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HCRI Members Publish New Paper on Earthquake Preparedness in the Cascadia Subduction Zone

A new study published in the January 2022 edition of the journal Earthquake Spectra examines risk communication in Metropolitan Portland, OR. This represents the work of several HCRI leadership members: Executive Director and HCRI Co-Founder Dr. Brittany Brand; Community Engagement Coordinator and HCRI Co-Founder Dr. Carson MacPherson-Krutsky; as well as Professor Emeritus and HCRI Advisory Board Member Dr. Mike Lindell.

Project Overview:

Cascadia Subduction Zone (CSZ) earthquake  will induce significant shaking that lasts for 3-5 minutes and result in widespread damage along the Pacific Northwest (PNW) coast of the United States. It is, therefore, crucial to understand how to reduce future impacts across this region and assess current levels of household preparedness. This paper examines how prepared residents in Portland, Oregon metropolitan (PDX) region are for a CSZ and compares those preparedness levels to other PNW regions using similar data from multiple surveys over a 20-year time interval. We find that 63% of PDX residents do not intend to ‘‘Drop, Cover, and Hold On’’ (DCHO) (the recommended action) when earthquake shaking starts and that, although residents are generally aware of earthquake hazards in the area, they are less aware of the specific risks for their homes. Furthermore, PDX residents’ preparedness levels seem to be comparable to those recently surveyed in Washington, but somewhat less than those surveyed two decades ago in California, though more comprehensive data are needed to verify these results. We also find that people rate risk information provided by emergency managers and their websites as more accurate, understandable, relevant, and new than other sources. Our results suggest that significant gaps remain in translating broad awareness of the CSZ earthquake into personal knowledge and preparedness. This work provides guidance to PDX emergency educators for more targeted messaging and provides methods to measure preparedness variables in other regions for future comparisons. By paying close attention to preparedness gaps, local officials can use their limited resources more effectively to develop strategies to inform their communities and improve preparedness before a major earthquake strikes.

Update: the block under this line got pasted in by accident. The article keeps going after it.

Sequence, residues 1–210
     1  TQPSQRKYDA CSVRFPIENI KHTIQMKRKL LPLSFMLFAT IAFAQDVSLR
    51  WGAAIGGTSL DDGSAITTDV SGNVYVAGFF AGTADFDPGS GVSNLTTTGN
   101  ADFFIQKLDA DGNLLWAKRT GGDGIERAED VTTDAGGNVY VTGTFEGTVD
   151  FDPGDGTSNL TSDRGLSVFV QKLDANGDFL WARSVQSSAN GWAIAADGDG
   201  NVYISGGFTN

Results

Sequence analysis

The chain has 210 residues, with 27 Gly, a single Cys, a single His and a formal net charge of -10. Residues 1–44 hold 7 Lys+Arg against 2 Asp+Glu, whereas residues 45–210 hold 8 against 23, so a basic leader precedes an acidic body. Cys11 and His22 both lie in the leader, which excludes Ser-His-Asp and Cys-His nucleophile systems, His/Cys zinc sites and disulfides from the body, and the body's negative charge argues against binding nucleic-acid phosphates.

Any interested parties can gain access to this article by reaching out to Carson at